I don't know - ask me tomorrow and I'll be in favor of just dropping LTCI.

Quote:
Originally Posted by 2B View Post
Here's a note of caution. "Seminars" are frequently nothing more than thinly veiled sales pitches for some form of variable annuity. The products available to normal people are universally bad any way you look at them. There are fees upon fees with assets tied up with penalty clauses and the "great" returns "guaranteed" all require annuitization of withdrawls.

Some CFPs are good but you want to use a fee only planner. Be wary of anyone trying to sell you anything. I'm in the process of getting a financial review from a Vanguard CFP for no cost since I have enough assets in Vanguard to qualify. I've been an indexer for over a decade and I've decided Vanguard has the right products for me.
Oh, the seminars were sales pitches, we got some hard sells to put our assets under management...walked away. The CFP we consulted was for fixed fee. Got some good advice, but nothing really concrete.

I asked for more detail -specifically a Withdrawal Policy Statement per Kitces article that I linked and sent to the CFP - I got some general guidelines but no details tailored to my exact situation.

I am not an expert...yet...but getting there and may take some mis-steps along the way, but I think we'll be good to go!
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Old 09-24-2014, 02:38 PM   #14
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Hi BBQ-Nut.

I would say you're good to go. You have oversaved for your kids college - definitely use the 529's first - so the rest of the money can be used for other purposes without any penalty on the gains.

Is the $25k/yr accurate? Does your kid live at home or on campus? I ask because college is still in my kids' futures... so I'm trying to make sure I save enough. Is this a CSU campus or a UC campus. (I've been basing my target savings goals on the UCSD website published figures for an in-state undergrad who lives in the dorms. It's about $30k/year last I checked... $25k is a nicer figure.)

Good job on paying down your CA mortgage. Houses here are obscenely expensive - but it feels really nice when you get it paid off. I would imagine your spending will change when the mortgage is done, also.
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Old 09-24-2014, 02:52 PM   #15
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Hi BBQ-Nut.

I would say you're good to go. You have oversaved for your kids college - definitely use the 529's first - so the rest of the money can be used for other purposes without any penalty on the gains.

Is the $25k/yr accurate? Does your kid live at home or on campus? I ask because college is still in my kids' futures... so I'm trying to make sure I save enough. Is this a CSU campus or a UC campus. (I've been basing my target savings goals on the UCSD website published figures for an in-state undergrad who lives in the dorms. It's about $30k/year last I checked... $25k is a nicer figure.)

Good job on paying down your CA mortgage. Houses here are obscenely expensive - but it feels really nice when you get it paid off. I would imagine your spending will change when the mortgage is done, also.

Greetings rodi,
We got conflicting advice regarding the 529 vs cash. We decided to go cash first as that is not going to return much of anything and there are no tax impacts. We will let the 529 grow in the event that the older son decides to go out of state. The 529 balance is a smaller % overall compared to the Vanguard ETF -so for this year we are burning thru cash.

The $25K/year is for a CSU campus and he is living away from home -so that budget covers yearly tuition, on-campus room and board, student fees, books, pocket money, and travel costs to get him home for Thanksgiving, Christmas, and Summer break.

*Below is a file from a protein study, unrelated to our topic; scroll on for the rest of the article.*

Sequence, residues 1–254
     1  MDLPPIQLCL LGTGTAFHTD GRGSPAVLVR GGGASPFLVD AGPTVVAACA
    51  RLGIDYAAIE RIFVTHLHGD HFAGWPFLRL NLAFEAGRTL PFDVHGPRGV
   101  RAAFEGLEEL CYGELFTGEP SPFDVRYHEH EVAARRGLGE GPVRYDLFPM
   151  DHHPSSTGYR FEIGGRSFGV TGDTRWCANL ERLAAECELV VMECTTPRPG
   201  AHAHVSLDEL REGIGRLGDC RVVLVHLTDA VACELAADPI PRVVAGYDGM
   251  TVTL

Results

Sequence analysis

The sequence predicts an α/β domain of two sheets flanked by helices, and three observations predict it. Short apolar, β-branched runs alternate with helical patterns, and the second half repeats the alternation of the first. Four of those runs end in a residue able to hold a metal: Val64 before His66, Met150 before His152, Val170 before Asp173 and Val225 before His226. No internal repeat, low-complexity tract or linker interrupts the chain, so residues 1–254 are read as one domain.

UC campuses have about double the tuition costs from my last estimates, so your $30K may be about right. But I factored the 'other costs' into our yearly estimates.
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Old 09-24-2014, 03:18 PM   #16
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I was going to say that it was going to be tight...but I missed the pensions. With those you almost are clear without anything else (assuming you convince the wife to work for 5 years while you don't). Since it looks like you have a good safety net and the kids education is already covered it looks like you are free and clear. Personally I would (and did) pay off the house. For me no debit is the safe bet but you have to consider all factors and they might not work for you.
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Old 09-24-2014, 03:44 PM   #17
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I think you are good to go. In fact the both of you could go now if you want. The only thing is whether you have enough available without penalty to carry you both until you are each 59 1/2 but it looks at first glance like you would be ok.

Your main decisions will be when to start drawing on your pensions and SS, managing your tax situation to avoid onerous taxes when RMDs begin, etc.

Quicken Lifetime Planner could handle all of this (kid's college, pensions and SS starting at different times, etc) and is very user friendly once you spend a little time with it.
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Old 09-24-2014, 04:05 PM   #18
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I have to agree with the rest. Given your numbers provided, you are good to go. Both of you. You have kids college covered, and budget is under any safe withdrawal limits. So do your early 2015 retirement and then convince your wife to do soon also.

Your only real challenge is to bridge between now and SS. But with your assets in after-tax it is very feasible. The pensions help this out a lot.
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Old 09-24-2014, 07:43 PM   #19
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Your only real challenge is to bridge between now and SS. But with your assets in after-tax it is very feasible. The pensions help this out a lot.
I would add that the 457 plan funds are available penalty free right away, if your spouse decides to retire early. Just more money to help you bridge the gap years.